The Natural Resource Governance Institute, NRGI, has organised a summer school aimed at allowing participants have a deeper understanding of the issues and challenges in the extractive industry within the African region.
“We hope they use the insights to improve upon the existing frameworks in the sub-region,” said Emmanuel Kuyole, Africa Consultant, NGRI.
“The purpose is to develop a regional capacity to provide effective training and mentoring to grow the number of knowledgeable, skilled human resources who are duly equipped to ensure strong oversight and governance of extractive industries and natural resources,” he added.
The summer school is part of the core activities of the African Regional Extractive Industries Knowledge Hub, established by the NRGI in collaboration with the German International Development Cooperation in 2009.
Over the last seven years, over 240 participants drawn from Britain and Iraq, as well as Ghana, Kenya, Nigeria, Zimbabwe, South Africa, Liberia, Sierra Leone, and several other African countries have attended the school.
About 45 participants from across Africa took part in this year’s training, a two-week intensive programme that included a field trip to the Ghana National Gas Company facility.
About a dozen experts in oil, gas, and mining sector participated as resource persons in the two-week programme.
Dauda Garuba, a consultant to the NGRI urged African countries to put in place a demonstrable solid strategy to deliver on set goals.
“Regardless of the diversity of the political economy direction in resource governance, countries should make conscious efforts to prevent an enclave economy as a safeguard against volatility,” said Mr. Garuba.
“They should also ensure a creation of necessary business incentives without giving in to abuses and embrace an effective revenue management regime that makes resources work for the citizens’ sustainable development.”
Mark Evans, Programme Manager at Ghana Oil and Gas for Inclusive Growth, said a prudent management of revenues from the extractive sector would help avoid the Dutch Disease factor – a phenomenon whereby sharp inflow of foreign currency ensues- such as a discovery of large oil reserves.
“Resource revenues are potentially very large, volatile and will run out,” Mr. Evans said.
“This can hold back broader development, create macroeconomic instability, leaving little for future generations.”
Samuel Bekoe, a resource governance consultant, identified corruption, tax avoidance or evasion, and contract secrecy as among the factors responsible for countries earning lower revenues than expected from their extractive industries.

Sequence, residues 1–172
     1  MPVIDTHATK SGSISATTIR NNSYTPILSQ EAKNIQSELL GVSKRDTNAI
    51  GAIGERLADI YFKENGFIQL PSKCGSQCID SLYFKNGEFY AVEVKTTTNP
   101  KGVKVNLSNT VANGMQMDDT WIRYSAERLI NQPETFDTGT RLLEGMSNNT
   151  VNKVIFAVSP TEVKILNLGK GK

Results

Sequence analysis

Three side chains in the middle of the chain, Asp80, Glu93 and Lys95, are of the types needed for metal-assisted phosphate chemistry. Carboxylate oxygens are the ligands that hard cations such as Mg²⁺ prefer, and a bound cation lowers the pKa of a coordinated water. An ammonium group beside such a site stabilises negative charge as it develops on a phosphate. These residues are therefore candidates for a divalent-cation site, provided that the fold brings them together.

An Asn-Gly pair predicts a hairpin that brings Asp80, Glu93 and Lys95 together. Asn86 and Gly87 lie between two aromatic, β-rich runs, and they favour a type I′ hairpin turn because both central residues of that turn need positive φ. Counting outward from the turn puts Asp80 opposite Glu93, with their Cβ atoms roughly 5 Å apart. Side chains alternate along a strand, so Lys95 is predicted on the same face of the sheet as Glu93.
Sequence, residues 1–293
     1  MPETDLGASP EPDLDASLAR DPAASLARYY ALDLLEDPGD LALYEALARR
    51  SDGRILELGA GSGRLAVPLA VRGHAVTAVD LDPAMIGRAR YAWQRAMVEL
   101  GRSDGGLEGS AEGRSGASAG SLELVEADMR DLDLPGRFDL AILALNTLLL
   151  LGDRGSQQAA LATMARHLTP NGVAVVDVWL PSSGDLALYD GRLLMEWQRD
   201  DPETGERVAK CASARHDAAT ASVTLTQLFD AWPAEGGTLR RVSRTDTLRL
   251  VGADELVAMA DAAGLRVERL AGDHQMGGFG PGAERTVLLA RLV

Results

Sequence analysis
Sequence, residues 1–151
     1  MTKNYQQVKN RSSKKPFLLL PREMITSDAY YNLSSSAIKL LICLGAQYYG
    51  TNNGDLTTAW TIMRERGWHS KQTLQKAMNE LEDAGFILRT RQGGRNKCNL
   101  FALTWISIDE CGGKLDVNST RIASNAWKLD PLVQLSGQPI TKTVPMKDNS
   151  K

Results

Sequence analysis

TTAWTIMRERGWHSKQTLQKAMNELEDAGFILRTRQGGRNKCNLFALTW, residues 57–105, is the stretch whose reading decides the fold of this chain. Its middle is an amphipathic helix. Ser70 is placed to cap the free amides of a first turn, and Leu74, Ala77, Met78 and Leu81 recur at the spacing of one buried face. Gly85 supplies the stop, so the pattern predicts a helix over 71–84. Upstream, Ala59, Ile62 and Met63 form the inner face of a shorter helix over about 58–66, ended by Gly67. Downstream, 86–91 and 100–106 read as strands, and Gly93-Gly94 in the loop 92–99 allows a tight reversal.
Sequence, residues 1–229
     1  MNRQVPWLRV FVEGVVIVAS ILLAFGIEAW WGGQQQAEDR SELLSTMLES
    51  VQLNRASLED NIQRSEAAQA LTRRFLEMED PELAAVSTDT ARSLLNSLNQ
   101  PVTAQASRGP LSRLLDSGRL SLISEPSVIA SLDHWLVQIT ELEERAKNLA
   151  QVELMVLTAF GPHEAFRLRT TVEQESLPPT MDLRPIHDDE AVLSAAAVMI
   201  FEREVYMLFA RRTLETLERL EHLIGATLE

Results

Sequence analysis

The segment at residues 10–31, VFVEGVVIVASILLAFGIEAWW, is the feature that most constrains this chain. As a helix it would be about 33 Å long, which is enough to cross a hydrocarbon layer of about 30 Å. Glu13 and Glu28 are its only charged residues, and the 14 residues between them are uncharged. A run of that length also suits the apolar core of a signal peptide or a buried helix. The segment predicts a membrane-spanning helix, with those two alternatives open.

Out of 45 cases of alleged corruption in the extractive sector gathered by the NRGI, 28 resulted from cases of hidden ownership.
Some of the ways extractive companies conceal their beneficial owners, according to Mr. Bekoe, include substituting natural persons, inserting opaque entities as shareholders, and holding assets and sending the payments offshore.
For instance, in the Malabu Oil scandal in Nigeria, the company included in its list of directors, a fictitious Port Harcourt-based Ghanaian, Kweku Amafagha.
Godwin Ojo, Executive Director of the Environmental Rights Action, said most Environmental Impact Assessment, EIA reports required before major projects are done to “fulfil all righteousness” and fend off resistance from activists and host communities.
“Despite the salutary provisions of regulation EIA Act, in practical terms, public projects by federal, state and local governments have often failed to comply with the requirements of the Act,” said Mr. Ojo.
“Reasons for non-compliance are numerous and range from the need to avoid delays to public interest projects such as major infrastructure, the lack of competence of EIA consultants, the lack of capacity and unwillingness within the Federal Ministry of Environment to enforce the provisions of the Act.”
In her keynote address at the opening ceremony of the programme, Barbara Oteng-Gyasi, Ghana’s Deputy Minister of Lands and Natural Resources, said a clear understanding of the extractive sector would help facilitate an optimal creation and distribution of the benefits.
“The limited, and sometimes even lack of the requisite knowledge or expertise in these matters had led to countries across the continent that are endowed with mineral, oil and gas resources being short-changed in terms of benefits derived from their resources,” said Ms. Oteng-Gyasi, who was represented by an official of Ghana’s Lands Ministry, Ben Aryee.
“It is in this context that African leaders, under the auspices of the Africa Union and UNECA, adopted the Africa Mining Vision aimed at a ‘Transparent, equitable and optimal exploitation of mineral resources to underpin broad-based sustainable growth and socio-economic development’ in 2009.”
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